Next, he goes to the worthless oil well and drills the ground until he actually strikes oil -- the corrupt owners are thrilled by this development, until they find out that all the stock was recently bought by one Homer "Seriously, Though, I'm Not Superman" Ramsey. Luckily for them, Homer drops out of the sky one day (literally drops out of the sky, in the panel below) and offers to sell them the stock for exactly $1 million.
"Nothing shady about this."
Supes takes the million and distributes it to the original shareholders, especially the suicide victim's family ... haha, just kidding, he does no such thing. Instead, he kidnaps the corrupt owners while they sleep, takes them to the oil well in their pajamas ...
Superman probably thinks that those are regular clothes.
... and makes them watch as he destroys the well.
It had been a few days since Superman had caused any property damage, and his hands were getting itchy.
The oil well's employees come running in an attempt to stop the destruction -- apparently, Depression-era workers were not fond of seeing their livelihood destroyed. Superman does look out for them, though, telling them to run for safety ...
"Actually, don't bother. I'm probably going to set you on fire anyway."
... before lighting the well on fire, Gulf War style.
"And before you even ask, I've already killed Red Adair."
If Superman really wanted to help the scammed shareholders, he would have bought out the corrupt owners instead of everyone else (they thought it was worthless, too), then tapped the well and simply let it flourish -- but nope, creating an ecological disaster and putting Americans out of work clearly made more sense in his head. But hey, at least he got a million bucks and a few laughs out of the whole thing.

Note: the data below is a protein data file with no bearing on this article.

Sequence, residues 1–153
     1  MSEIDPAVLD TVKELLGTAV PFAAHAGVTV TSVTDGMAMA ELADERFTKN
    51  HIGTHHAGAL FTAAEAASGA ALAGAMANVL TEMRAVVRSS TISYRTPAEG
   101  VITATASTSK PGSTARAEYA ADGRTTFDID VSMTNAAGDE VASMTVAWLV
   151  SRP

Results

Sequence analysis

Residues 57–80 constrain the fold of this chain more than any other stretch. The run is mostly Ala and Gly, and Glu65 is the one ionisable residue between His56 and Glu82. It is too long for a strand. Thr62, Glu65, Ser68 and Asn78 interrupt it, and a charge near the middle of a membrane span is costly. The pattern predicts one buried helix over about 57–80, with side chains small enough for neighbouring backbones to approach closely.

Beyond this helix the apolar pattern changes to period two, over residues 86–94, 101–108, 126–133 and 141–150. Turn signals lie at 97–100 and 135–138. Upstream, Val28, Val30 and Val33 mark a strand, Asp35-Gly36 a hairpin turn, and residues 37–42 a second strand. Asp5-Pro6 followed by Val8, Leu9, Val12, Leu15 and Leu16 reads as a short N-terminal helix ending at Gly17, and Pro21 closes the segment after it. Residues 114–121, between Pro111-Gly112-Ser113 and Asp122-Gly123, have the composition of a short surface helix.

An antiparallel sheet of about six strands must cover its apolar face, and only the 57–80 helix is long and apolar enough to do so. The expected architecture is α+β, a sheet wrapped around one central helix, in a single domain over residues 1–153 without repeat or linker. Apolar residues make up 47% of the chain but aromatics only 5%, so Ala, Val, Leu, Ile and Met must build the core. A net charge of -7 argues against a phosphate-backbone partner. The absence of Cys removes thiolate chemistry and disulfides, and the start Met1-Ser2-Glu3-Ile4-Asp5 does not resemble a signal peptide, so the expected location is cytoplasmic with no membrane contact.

#3. Superman Rats Out a Torture Victim, Gets Him Whipped (Action Comics No. 10, 1939)
In this story (also from 1939), Superman (as Clark Kent) gets called to a hotel room where an escaped prisoner tells him about the horrifying living conditions at the local chain gang. Tormented, whipped and starved by his jailers, the prisoner, Walter Crane, confides in Supes on the condition that his identity and whereabouts remain anonymous.
"You can trust me, I'm definitely not a sadistic godlike being from another planet."
Superman says yes, of course ... then turns around and sells out Crane to the authorities at the first chance he gets.
"I just asked you for the time, but OK."
And then, instead of trying to warn Crane that his torturer is coming, Superman literally leads the superintendent to his door and does nothing as Crane gets beaten:
"Listen, it's nothing personal. I just love squealing."
It turns out that this is all part of another one of Superman's deranged plans (although we're pretty sure that he just makes them up as he goes along) -- he intentionally gave up Crane to make the superintendent think that he had gotten away with everything and get him to "go to even further depths of cruelty."
"If we don't see how far he'll take it, how will we know how many times we have to kill him?"
And sure enough, Crane is once again savagely whipped. But this time Superman is there to catch it on camera:
"This is gonna kill on Instagram."
Note that Crane was in no way in on this, and never agreed to get his back torn open by a bullwhip to help Clark get his story. And also note that Superman could have accomplished the same thing by, say, getting himself arrested and having somebody else take the pictures. Since, you know, the whipping wouldn't hurt him.
The photographic evidence turns out to be completely worthless, by the way, because Superman finally gets tired of fucking around and gets a confession out of the superintendent using a much more efficient method -- the threat of suffocation.
"I told you, I'm just the janitor!"